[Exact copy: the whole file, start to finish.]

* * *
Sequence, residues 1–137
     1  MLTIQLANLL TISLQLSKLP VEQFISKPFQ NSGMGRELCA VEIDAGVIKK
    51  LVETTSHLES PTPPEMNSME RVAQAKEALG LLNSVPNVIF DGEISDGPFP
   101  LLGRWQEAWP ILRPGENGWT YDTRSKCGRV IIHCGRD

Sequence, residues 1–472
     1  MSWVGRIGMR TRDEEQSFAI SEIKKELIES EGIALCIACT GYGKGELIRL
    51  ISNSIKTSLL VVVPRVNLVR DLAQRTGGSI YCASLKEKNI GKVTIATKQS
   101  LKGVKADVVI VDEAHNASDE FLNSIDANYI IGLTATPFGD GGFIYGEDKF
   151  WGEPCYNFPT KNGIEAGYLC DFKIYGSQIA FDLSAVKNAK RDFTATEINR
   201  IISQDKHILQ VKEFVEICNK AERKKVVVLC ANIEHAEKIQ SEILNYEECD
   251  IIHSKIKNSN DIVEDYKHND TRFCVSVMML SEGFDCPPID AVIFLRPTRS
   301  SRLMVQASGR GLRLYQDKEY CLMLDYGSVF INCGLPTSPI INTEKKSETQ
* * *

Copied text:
Sequence, residues 1–137
     1  MLTIQLANLL TISLQLSKLP VEQFISKPFQ NSGMGRELCA VEIDAGVIKK
    51  LVETTSHLES PTPPEMNSME RVAQAKEALG LLNSVPNVIF DGEISDGPFP
   101  LLGRWQEAWP ILRPGENGWT YDTRSKCGRV IIHCGRD

Sequence, residues 1–472
     1  MSWVGRIGMR TRDEEQSFAI SEIKKELIES EGIALCIACT GYGKGELIRL
    51  ISNSIKTSLL VVVPRVNLVR DLAQRTGGSI YCASLKEKNI GKVTIATKQS
   101  LKGVKADVVI VDEAHNASDE FLNSIDANYI IGLTATPFGD GGFIYGEDKF
   151  WGEPCYNFPT KNGIEAGYLC DFKIYGSQIA FDLSAVKNAK RDFTATEINR
   201  IISQDKHILQ VKEFVEICNK AERKKVVVLC ANIEHAEKIQ SEILNYEECD
   251  IIHSKIKNSN DIVEDYKHND TRFCVSVMML SEGFDCPPID AVIFLRPTRS
   301  SRLMVQASGR GLRLYQDKEY CLMLDYGSVF INCGLPTSPI INTEKKSETQ